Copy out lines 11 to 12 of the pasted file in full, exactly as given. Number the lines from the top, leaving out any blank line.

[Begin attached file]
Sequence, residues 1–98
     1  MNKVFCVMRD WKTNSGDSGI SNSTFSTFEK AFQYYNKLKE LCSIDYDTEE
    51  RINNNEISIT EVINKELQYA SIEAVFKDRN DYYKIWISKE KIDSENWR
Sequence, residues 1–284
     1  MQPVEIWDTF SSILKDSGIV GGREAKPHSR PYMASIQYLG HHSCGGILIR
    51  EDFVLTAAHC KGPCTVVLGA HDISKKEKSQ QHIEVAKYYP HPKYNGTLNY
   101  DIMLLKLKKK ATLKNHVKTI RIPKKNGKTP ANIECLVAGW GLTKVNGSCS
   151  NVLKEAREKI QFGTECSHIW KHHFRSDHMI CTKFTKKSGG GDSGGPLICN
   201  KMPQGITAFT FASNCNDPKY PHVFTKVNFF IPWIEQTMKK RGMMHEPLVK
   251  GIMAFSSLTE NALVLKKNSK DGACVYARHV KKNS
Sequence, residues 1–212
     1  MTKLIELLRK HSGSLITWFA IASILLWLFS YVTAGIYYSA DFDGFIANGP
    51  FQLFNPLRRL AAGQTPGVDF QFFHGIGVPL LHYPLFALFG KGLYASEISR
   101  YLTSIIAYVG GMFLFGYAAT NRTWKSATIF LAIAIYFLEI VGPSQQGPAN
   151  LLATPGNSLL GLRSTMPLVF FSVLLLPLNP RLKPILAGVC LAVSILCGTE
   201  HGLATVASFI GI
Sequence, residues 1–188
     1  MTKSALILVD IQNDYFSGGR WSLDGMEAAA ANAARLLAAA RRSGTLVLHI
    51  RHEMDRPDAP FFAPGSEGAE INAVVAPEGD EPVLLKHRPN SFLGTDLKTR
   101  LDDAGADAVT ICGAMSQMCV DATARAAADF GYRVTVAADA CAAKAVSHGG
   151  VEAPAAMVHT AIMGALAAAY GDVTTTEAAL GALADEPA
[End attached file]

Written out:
Sequence, residues 1–212
     1  MTKLIELLRK HSGSLITWFA IASILLWLFS YVTAGIYYSA DFDGFIANGP